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Cornus nuttallii

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About Pacific Dogwood (Cornus nuttallii) The Pacific Dogwood is a species of dogwood native to western North America from lowlands of southern British Columbia to mountains of southern California. An inland population occurs in central Idaho. Cultivated examples are found as far north as the Queen Charlotte Islands. It is a small to medium-sized deciduous tree, reaching 7-20 meters tall, often with multiple trunks and and an irregular form. The leaves are opposite, simple oval, 8-12 centimeters long and 5-8 centimeters broad. The flowers are individually small and inconspicuous, 2-3 millimeters across, produced in a dense, rounded, greenish-white flowerhead 2 centimeter diameters; the 4-8 large white "petals" are actually leafs, each leaf is 4-7 centimeters long and broad. The fruit is a compound pink-red berry about 3 centimeters in diameter, containing 50-100 small seeds; it is edible, though not very palatable.

With its spectacular white flowers, bright green leaves, beautiful autumn foliage, and attractive growth form, Pacific Dogwoods are among the more popular native California trees in landscaping applications. It's long-lived and easy to grow as long as it's planted in its natural range and in the right site type. It needs to be planted in cool, rich, deep and well draining soil, in part shade, preferably among smaller companion plants, so as it matures it can reach its branches out into direct sun. Provide occasional summer water until established, then stop all supplementary irrigation. Avoid disturbing the soil within a few feet of the trunk.
Plant Description
Plant Type

Max. Height
12 - 65.6 ft (3.7 - 20 m)

Max. Width
6 - 30 ft (1.8 - 9.1 m)


Growth Rate

Winter Deciduous

Flower Color
Green, White

Flowering Season

Native Status

Natural Setting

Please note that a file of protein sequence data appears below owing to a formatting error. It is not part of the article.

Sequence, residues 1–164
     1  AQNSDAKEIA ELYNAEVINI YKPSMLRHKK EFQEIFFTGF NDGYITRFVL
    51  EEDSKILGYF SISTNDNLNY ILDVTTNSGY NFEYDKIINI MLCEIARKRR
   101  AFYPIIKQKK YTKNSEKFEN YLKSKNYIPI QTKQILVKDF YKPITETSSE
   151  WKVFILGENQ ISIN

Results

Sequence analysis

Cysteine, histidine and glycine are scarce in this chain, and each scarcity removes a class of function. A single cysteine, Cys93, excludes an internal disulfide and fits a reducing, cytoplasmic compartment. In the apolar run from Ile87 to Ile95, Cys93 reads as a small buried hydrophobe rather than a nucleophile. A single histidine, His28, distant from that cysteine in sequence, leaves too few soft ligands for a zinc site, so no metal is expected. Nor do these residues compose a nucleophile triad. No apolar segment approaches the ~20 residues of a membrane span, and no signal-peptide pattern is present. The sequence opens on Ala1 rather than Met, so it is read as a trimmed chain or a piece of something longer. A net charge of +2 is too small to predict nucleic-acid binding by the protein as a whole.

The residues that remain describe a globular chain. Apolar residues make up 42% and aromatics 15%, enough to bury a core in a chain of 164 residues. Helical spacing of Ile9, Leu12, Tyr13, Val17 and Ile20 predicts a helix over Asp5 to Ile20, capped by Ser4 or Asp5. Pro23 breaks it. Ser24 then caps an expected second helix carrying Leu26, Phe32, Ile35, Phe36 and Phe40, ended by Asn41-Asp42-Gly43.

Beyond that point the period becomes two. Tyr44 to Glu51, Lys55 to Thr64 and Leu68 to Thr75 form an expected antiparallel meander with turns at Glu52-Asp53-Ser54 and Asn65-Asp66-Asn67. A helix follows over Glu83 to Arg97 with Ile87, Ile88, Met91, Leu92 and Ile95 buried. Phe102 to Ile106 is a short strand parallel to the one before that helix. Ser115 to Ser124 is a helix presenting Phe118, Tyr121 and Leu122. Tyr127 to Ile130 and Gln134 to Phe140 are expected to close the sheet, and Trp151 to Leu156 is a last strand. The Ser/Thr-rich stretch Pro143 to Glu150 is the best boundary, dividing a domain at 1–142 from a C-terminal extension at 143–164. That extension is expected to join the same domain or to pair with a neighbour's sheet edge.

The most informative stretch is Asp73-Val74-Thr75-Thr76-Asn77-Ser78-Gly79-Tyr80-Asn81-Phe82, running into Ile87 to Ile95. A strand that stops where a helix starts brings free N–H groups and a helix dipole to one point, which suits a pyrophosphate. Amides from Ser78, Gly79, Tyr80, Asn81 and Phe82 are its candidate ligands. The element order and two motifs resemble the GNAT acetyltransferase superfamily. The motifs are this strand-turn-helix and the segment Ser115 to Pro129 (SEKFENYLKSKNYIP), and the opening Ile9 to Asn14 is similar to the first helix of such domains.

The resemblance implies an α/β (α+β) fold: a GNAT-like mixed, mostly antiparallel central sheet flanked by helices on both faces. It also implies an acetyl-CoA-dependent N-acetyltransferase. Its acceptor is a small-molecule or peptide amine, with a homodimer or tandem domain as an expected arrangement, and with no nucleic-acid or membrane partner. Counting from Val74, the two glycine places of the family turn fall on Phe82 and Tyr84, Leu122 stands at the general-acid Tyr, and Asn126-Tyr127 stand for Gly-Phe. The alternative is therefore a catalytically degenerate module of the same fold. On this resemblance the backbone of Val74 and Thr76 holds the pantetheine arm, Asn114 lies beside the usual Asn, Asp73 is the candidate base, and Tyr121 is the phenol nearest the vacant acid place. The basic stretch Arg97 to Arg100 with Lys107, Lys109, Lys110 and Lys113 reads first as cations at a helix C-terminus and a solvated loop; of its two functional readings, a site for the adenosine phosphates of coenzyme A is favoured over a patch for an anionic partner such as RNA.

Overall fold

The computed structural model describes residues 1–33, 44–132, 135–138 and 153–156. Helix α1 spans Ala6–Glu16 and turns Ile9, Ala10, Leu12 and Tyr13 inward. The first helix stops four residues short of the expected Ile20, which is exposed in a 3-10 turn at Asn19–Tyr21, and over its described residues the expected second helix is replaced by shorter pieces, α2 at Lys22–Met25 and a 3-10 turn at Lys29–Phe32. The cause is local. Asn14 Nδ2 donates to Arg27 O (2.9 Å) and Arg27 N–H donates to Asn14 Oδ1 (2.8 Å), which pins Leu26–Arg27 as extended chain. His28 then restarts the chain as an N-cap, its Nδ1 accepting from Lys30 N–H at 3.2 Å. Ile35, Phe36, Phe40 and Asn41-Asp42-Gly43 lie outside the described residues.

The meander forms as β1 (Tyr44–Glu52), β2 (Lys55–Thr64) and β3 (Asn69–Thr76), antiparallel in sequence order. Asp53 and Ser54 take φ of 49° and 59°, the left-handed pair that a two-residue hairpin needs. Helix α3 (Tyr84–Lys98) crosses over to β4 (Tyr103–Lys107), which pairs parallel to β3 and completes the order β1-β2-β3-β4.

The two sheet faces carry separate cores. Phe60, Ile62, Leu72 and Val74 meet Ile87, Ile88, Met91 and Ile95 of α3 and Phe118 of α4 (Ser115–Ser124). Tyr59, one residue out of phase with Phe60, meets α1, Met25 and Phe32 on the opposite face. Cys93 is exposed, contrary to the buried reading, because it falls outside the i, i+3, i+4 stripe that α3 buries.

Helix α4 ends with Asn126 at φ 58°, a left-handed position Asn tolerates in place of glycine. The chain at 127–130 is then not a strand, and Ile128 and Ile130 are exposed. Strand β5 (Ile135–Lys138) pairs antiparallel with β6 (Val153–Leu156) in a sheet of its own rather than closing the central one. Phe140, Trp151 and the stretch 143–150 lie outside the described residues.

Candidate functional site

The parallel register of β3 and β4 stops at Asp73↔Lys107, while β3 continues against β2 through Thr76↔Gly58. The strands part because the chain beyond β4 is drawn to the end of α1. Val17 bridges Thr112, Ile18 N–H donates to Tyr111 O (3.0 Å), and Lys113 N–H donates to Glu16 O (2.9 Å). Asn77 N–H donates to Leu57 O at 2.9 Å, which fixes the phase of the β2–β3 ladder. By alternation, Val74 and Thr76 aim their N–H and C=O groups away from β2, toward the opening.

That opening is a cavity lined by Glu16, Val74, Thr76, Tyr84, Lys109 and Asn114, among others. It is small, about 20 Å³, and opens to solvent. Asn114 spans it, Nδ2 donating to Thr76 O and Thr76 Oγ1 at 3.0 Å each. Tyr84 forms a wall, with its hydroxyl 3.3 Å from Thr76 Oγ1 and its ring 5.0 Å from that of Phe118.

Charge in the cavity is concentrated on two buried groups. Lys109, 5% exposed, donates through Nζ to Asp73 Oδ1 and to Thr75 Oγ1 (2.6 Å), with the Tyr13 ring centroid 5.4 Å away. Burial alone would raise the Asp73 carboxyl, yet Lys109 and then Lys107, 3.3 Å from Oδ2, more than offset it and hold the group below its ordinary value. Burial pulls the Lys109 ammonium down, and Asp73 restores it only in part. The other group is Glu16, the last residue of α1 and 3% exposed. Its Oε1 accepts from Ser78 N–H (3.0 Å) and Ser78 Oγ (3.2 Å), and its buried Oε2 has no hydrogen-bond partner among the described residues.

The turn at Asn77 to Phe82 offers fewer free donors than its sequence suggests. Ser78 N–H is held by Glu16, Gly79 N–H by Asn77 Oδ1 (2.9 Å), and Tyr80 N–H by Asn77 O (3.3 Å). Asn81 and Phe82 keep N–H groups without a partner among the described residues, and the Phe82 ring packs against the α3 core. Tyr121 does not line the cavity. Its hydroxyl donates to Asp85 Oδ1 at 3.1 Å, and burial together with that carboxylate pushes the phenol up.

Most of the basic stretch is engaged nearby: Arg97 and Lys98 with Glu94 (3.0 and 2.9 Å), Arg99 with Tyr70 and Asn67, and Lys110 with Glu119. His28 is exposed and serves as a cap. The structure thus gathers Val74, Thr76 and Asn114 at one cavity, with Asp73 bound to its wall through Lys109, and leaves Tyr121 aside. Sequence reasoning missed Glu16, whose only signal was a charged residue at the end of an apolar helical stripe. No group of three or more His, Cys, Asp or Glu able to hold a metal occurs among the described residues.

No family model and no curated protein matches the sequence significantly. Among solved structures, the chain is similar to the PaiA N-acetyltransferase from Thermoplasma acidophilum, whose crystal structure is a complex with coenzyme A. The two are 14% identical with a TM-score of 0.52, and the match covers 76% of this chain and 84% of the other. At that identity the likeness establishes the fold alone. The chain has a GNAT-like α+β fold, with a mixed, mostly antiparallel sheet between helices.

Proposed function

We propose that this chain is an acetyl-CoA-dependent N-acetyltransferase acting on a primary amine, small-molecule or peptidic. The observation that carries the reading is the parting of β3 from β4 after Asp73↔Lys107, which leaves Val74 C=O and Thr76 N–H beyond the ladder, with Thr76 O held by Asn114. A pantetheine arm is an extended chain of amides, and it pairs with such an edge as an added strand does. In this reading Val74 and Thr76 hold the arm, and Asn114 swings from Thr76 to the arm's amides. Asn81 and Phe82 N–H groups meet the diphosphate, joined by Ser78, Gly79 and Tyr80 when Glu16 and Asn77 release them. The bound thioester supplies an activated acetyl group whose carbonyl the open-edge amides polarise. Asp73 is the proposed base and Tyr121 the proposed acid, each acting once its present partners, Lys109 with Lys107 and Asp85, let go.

Site Type
Cool party-shady areas, with deep, rich, well-draining soil, usually at the edge of forests.

Shade, Part Shade

Elevation ?
30' - 10807'

Annual Precip. ?
12.1" - 152.2"

Summer Precip. ?
0.19" - 5.84"

Coldest Month ?
25.5° F - 53.8° F

Hottest Month ?
47.2° F - 79.3° F

Humidity ?
0.10 vpd - 26.55 vpd

Soil Description
Prefers soils that is cool, moist, deep, well-drained and high in organic matter.

Soil Texture
Loam, Loamy Sand, Sandy Loam, Silt Loam

Soil PH
4 - 7


Cold Tolerance(° F)
Tolerates cold to -5 - 20° F

Sunset Zones ?
1, 2, 4*, 5*, 6, 7, 14, 15, 16, 17, 22, 23

Wildlife Attracted
Birds, particularly band-tailed pigeons. In wild areas, bear and beaver eat the fruit.

Landscaping Information
Ease of Care
Moderately Easy

Water Requirement ?
Extremely Low
Very Low
Moderate - High

Moderately Popular

Max. Summer Water ?
No Summer Water
No Summer Water
Keep moist

Deep Organic

Prune to an open branching pattern to reduce risk of antrhacnose infection.

Pest Control
Susceptible to anthracnose. To reduce chance of infection, plant in an areas with good air circulation, and prune to prevent tight branching patterns.

Propagation ?
For propagating by seed: 3-4 mos. stratification. Scarification or soaking in concentrated H2S04 1hr. first may improve germination. Fresh seeds may need no pre-treatment (USDA Forest Service 1948).

Common uses
Bird Gardens

Nursery Availability
Commonly Available

Sources include: Wikipedia. All text shown in the "About" section of these pages is available under the Creative Commons Attribution-ShareAlike License. Plant observation data provided by the participants of the California Consortia of Herbaria, Sunset information provided by Jepson Flora Project. Propogation from seed information provided by the Santa Barbara Botanical Garden from "Seed Propagation of Native California Plants" by Dara E. Emery. Sources of plant photos include CalPhotos, Wikimedia Commons, and independent plant photographers who have agreed to share their images with Calscape. Other general sources of information include Calflora, CNPS Manual of Vegetation Online, Jepson Flora Project, Las Pilitas, Theodore Payne, Tree of Life, The Xerces Society, and information provided by CNPS volunteer editors, with special thanks to Don Rideout. Climate data used in creation of plant range maps is from PRISM Climate Group, Oregon State University, using 30 year (1981-2010) annual "normals" at an 800 meter spatial resolution.

Links:   Jepson eFlora Taxon Page  CalPhotos  Wikipedia  Calflora

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